Java – In the application, why does readInt() always throw an EOFException

exceptionjavamultithreadingnetworkingsockets

(Forgive me because I do not write in Java very often.)

I'm writing a client-side network application in Java and I'm having an interesting issue. Every call to readInt() throws an EOFException. The variable is of type DataInputStream (initialized as: DataInputStream din = new DataInputStream(new BufferedInputStream(sock.getInputStream())); where sock is of type Socket).

Now, sock.isInputShutdown() returns false and socket.isConnected() returns true. I'm assuming that this means that I have a valid connection to the other machine I'm connecting to. I've also performed other checks to ensure that I'm properly connected to the other machine.

Is it possible that the DataInputStream was not set up correctly? Are there any preconditions that I have missed?

Any help is greatly appreciated.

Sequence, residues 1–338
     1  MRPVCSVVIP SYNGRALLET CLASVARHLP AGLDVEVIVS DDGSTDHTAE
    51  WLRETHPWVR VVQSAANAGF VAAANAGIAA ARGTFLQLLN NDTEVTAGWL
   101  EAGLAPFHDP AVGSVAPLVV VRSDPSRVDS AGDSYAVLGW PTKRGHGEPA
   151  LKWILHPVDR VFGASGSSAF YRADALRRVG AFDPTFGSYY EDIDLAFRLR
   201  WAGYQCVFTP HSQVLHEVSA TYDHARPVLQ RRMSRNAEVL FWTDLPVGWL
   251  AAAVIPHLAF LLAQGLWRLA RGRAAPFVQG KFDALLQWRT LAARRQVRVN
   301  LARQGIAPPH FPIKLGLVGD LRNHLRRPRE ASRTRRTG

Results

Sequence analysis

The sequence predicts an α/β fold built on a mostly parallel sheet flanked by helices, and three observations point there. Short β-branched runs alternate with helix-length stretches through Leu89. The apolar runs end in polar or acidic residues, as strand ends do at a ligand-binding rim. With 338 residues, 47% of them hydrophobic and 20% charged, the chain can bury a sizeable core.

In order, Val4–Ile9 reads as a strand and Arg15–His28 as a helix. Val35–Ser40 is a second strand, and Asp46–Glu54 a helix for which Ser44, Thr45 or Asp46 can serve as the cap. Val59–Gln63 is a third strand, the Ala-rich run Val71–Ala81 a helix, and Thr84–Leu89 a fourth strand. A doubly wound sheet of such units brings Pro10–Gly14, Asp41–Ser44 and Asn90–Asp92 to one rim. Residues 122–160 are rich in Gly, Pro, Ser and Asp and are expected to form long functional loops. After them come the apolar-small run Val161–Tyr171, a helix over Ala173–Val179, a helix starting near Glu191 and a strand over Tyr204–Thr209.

@tofubeer: I actually wrote 17 bytes to the socket. The socket is connected to another machine and I'm waiting on input from that machine (I'm sorry if this was unclear). I successfully read from the stream (to initiate a handshake) first and this worked just fine. I'm checking now to see if my sent-requests are malformed, but I don't think they are. Also, I tried reading a single byte from the stream (via read()) and it returned -1.

Best Solution

Are you writing 4 bytes to the socket? According to the JavaDoc it will throw an EOFException if this stream reaches the end before reading all the bytes.

Try calling readByte() 4 times in a row instead of readInt() and see what happens (likely not all of them will work).

Edit (given your edit).

Find out how many times you can call read() before you get the -1.

When read() returns -1 it means that it has hit the end of file.

Also find out what each read() returns to make sure what you are reading in is what you actually wrote out.

It sounds like a problem either with the read code reading more than you thing while doing the handshake or the other side not writing what you think it is writing.